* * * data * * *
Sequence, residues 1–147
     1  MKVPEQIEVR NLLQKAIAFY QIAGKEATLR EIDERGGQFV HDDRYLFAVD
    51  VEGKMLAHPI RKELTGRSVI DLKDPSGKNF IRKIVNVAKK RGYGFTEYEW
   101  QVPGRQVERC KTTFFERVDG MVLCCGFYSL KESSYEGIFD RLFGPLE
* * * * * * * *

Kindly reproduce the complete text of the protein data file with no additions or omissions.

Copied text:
Sequence, residues 1–147
     1  MKVPEQIEVR NLLQKAIAFY QIAGKEATLR EIDERGGQFV HDDRYLFAVD
    51  VEGKMLAHPI RKELTGRSVI DLKDPSGKNF IRKIVNVAKK RGYGFTEYEW
   101  QVPGRQVERC KTTFFERVDG MVLCCGFYSL KESSYEGIFD RLFGPLE